Checking In On The Too-Good-To-Be-True Park & Diamond Helmet Fiasco

I was skeptical when I wrote about the Park & Diamond foldable helmet three years ago. Based on prototype photos, I didn’t see how this helmet could pass any bicycle helmet certification. Well, it still hasn’t shipped and customers who invested in the company (that had never made a product, let alone a bicycle helmet) are feeling used, abused and scammed by both Park & Diamond and Indiegogo. Between a flood of investor comments demanding refunds, there are comments like these:

“I’m now finding out how to scam people. I’m going to come up with a catchy little item with neat pictures and tech data. Then once I get my cash from all the Indiegogo contributors, it will be “bye-bye, see ya’ suckas’”. These guys did it with $3 million!”

“They must have cracked their heads open product testing. Fell into a coma for the last 3 years, and possibly got taken off life support 4 months ago with their last comment. This is why I have trust issues. Never backing anything on Indiegogo again. Please refund!”

“What does, ‘Suspended’ mean? Can someone from Indiegogo inform the investors of what’s going on? This is THEIR platform after all. We may never see our money again; that’s a chance we all took. But, we do deserve to know what’s going on.”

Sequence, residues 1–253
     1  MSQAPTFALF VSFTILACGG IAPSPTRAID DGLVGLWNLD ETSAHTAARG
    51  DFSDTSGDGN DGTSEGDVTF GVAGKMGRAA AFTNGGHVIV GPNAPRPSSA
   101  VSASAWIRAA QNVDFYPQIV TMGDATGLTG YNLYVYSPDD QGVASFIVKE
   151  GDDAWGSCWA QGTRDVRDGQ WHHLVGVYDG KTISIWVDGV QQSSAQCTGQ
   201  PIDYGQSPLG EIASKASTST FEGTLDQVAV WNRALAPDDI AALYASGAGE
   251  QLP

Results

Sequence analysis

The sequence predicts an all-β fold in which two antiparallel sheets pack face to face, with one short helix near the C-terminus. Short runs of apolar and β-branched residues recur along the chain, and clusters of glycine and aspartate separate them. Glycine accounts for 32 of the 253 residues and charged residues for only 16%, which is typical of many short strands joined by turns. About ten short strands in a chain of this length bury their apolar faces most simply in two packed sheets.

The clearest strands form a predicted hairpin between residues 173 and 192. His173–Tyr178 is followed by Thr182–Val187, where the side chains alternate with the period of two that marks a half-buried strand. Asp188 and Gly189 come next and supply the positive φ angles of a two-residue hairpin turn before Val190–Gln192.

“There is a point at which they should just be honest and say… ‘hey guys, we spent all your money and we aren’t delivering.’ I mean, of course I want a refund, but second to that, I would just like to be relieved of having even the faintest thought that there could be a real product. You sold vaporware per the Indiegogo model, now stop with the sporadic repetitive hollow updates and just lets move on with our lives.”

THE LESSON LEARNED
Indiegogo and similar crowd-sourcing businesses offer high-risk investments, not products. One wise investor told me, “I never invest in a company that has less to lose than I’m investing.” In this case, both Park & Diamond and Indiegogo had less invested than the 3-million bucks backers coughed up. Call me old fashioned, but when I want a new helmet (or gloves or shorts or shoes), I’ll go to a bike shop, find one that fits and buy it. I’m not going to invest in an idea of a new helmet.

Also, if the product being pitched does something that no product before it has been able to accomplish, be very skeptical. Bell, Giro, Specialized and Trek have been making helmets for years. They all dream about making a helmet that looks like a baseball cap and folds into a pocket. They just have never been able to figure a way to do it. And neither has Park & Diamond.

Journalistic stupidity: Digital Trends still has an article posted that states, “the Park and Diamond helmet is nearly as thin as a baseball cap while remaining just as protective as something more traditional.” The article misled investors. There was no helmet (there still isn’t). DT was regurgitating “claims” made by a company looking for investors. If you want to go down the rabbit hole of my coverage on the company, this is a good place to start.

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